At the end of January, students from all three years of BA(Hons) Fine Art enjoyed a study visit to Berlin, arriving in sub-zero temperatures and heavy snow which resulted in their diversion to land at a different airport than planned.
Highlights of the trip included gallery visits to KW Institute for Contemporary Art, The Hamburger Bahnhof and visits to The Jewish Museum Berlin. Students also enjoyed a night at the legendary Berghain nightclub, described as quite possibly the current world capital of techno, named after its location near the border between Kreuzberg and Friedrichshain. Visit organiser and first year Course Coordinator Gillian Wylde said, ‘Lots of inspiration is developing out of this exciting study visit, into future art projects’.
Second year students Ella Squirrell and Isaac Aldridge shared their experiences of the trip…
Ella: ‘The first day we spent exploring the city on foot, coming across photographic exhibitions in museum island, and popping into family run cafes to rest our snowy feet. I was very satisfied with the amount of inspiring contemporary painting exhibitions in the city, particularly Tatjana Doll at the Berliniche Gallerie, ‘My Abstract World’ at the ME Collectors Room and Lawrence Carroll: ‘Under The Blue’ at the Buchmann Galerie. These three exhibitions were the most relevant to my current work; however, in a city as artistically enriched as Berlin, I sought out other exhibitions that weren’t as pertinent in their art form. There were many in in Kreuzberg, along Lindenstrasse: commercial galleries with contemporary art, a lot of sculpture, installations and video work.
On the last day, we went to Transmediale, a festival with workshops and seminars, about modern day alienation and technology taking over. These ideas relate to my interest in society coming away from nature, and about being absorbed into a modern society. We also visited culturally historic places, such as war memorials, the Musical Instrument Museum and the Berlin Wall.
I loved the freedom of the trip. Tutors would recommend places, and there were meet up points every day, but everyone very much could build their own timetable, and we shared our experiences over breakfast or as we bumped into each other in the city. The trip was very socially engaging, it allowed the three year groups to integrate naturally, and I got to know people within my course better through shared experience and conversations about the art we had seen’.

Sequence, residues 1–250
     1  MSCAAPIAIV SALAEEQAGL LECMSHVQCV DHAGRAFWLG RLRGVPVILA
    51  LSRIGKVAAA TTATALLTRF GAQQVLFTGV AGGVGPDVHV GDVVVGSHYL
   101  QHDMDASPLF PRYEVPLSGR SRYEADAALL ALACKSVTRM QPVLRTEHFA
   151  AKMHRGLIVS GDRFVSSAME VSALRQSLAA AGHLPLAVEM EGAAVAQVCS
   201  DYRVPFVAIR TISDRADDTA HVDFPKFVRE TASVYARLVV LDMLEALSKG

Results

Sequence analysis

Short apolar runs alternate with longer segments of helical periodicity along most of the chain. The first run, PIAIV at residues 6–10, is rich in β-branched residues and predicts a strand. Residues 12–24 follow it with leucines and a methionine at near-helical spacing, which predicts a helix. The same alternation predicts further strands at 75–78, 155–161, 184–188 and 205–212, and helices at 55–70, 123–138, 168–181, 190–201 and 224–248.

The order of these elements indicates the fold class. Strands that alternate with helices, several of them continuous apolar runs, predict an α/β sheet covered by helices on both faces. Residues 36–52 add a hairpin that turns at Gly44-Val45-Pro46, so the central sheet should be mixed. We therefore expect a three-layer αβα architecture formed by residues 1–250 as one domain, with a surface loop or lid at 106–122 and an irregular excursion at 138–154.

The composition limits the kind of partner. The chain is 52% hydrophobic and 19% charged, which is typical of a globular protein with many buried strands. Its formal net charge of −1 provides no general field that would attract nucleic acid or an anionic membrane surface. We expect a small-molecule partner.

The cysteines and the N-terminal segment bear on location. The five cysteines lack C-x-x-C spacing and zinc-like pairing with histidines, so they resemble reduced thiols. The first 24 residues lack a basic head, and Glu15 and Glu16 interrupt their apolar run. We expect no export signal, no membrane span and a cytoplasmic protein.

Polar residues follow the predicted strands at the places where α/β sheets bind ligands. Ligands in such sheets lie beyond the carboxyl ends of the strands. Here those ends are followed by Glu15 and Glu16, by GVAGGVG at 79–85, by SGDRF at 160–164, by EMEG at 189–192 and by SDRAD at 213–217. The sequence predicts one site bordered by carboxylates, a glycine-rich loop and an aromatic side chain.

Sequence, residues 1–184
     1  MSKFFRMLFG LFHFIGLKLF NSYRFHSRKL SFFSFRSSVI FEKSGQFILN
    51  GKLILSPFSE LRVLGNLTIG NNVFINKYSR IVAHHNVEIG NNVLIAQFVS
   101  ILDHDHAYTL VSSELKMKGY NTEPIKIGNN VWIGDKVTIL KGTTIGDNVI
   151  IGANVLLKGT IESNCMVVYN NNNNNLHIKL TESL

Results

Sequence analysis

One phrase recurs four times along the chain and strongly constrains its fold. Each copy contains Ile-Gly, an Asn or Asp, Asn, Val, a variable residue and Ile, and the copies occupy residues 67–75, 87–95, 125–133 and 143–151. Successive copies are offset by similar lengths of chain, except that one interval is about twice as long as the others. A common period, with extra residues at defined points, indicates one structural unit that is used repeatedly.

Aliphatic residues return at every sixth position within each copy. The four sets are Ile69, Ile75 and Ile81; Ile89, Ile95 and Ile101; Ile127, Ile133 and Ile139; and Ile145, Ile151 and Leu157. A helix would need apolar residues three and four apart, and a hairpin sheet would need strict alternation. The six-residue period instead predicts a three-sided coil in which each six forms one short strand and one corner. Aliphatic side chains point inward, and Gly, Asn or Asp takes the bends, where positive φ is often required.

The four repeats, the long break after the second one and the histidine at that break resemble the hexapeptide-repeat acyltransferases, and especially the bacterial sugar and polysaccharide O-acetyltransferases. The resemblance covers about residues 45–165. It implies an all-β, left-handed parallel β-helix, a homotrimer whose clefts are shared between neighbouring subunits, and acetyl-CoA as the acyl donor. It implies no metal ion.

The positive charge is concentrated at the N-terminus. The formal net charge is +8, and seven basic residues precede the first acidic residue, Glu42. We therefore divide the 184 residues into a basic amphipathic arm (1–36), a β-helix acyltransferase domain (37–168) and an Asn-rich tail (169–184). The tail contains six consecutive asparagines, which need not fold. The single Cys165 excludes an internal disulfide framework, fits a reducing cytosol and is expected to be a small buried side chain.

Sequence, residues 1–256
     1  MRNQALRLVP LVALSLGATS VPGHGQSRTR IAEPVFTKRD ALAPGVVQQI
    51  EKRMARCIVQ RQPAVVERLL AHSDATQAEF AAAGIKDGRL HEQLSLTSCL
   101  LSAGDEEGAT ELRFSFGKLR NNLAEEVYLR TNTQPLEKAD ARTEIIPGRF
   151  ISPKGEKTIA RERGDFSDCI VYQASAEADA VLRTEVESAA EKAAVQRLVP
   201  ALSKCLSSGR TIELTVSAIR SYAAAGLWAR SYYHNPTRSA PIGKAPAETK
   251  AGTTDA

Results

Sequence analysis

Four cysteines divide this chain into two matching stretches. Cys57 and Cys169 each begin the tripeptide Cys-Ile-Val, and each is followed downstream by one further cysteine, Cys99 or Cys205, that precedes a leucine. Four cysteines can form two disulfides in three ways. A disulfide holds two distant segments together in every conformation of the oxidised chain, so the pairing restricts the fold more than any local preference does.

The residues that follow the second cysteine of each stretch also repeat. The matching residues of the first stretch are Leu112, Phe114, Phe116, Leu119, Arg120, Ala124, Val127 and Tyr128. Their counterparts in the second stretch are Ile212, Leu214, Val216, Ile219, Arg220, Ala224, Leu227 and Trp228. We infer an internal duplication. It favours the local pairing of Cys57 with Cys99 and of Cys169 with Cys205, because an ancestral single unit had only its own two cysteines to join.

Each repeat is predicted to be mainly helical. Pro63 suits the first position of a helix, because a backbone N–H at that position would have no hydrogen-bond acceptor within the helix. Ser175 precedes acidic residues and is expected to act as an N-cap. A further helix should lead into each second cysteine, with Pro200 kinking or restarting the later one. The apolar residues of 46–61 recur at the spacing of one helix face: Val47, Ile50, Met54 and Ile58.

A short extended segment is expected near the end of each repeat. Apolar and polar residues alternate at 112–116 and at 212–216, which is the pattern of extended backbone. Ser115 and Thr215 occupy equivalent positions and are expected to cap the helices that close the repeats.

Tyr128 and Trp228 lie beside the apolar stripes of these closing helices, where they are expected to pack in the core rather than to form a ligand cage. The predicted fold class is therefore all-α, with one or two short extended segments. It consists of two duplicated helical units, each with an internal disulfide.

Isaac: ‘In my opinion, our study trips are a gateway into exploring your own practise further than the walls of the studio. I have visited Venice and Berlin in the two years I have been studying at Falmouth. This Berlin trip offered an open-ended itinerary, which was perfect for exploring the city’s heritage and culture as well as the art. I managed to visit all areas of Berlin, seeing the Reichstag Building, the Holocaust Museum, Brandenburg Gate and many more historical points of interest. Additionally, in the evenings I was able to explore Berlin’s famous night culture, catching the U-Bahn all over to interesting and edgy bars (and even a Techno super club!).
The art in Berlin was unquestionably admirable in all senses. From the East Side Gallery where artists had painted the remains of the dividing wall, the Hamburger Bahnhof which holds an amazing collection of masterful works including a personal favourite of mine – Cy Twombly, to the Berlinische Gallery of Modern Art with an array of works in all disciplines from painting to sculpture and massive installations, and the Bauhaus Archive which houses all variations of the art types style of work including the building itself (a long with many, many more smaller galleries and exhibitons)!
I found the most enjoyable part of the trip was the freedom to pick and choose where to visit, buddying up and exploring the city ourselves with a meet up point later in the day at an exhibition to discuss with everyone else where they had been and where they were planning to go. Having the opportunity to see these places has fed my own work in terms of seeing more than just the conventional painters I would generally seek to inform my work, and having a wider breadth of information to work from and to reference in my day to day studio life’.
Images courtesy of Jade Bowmer.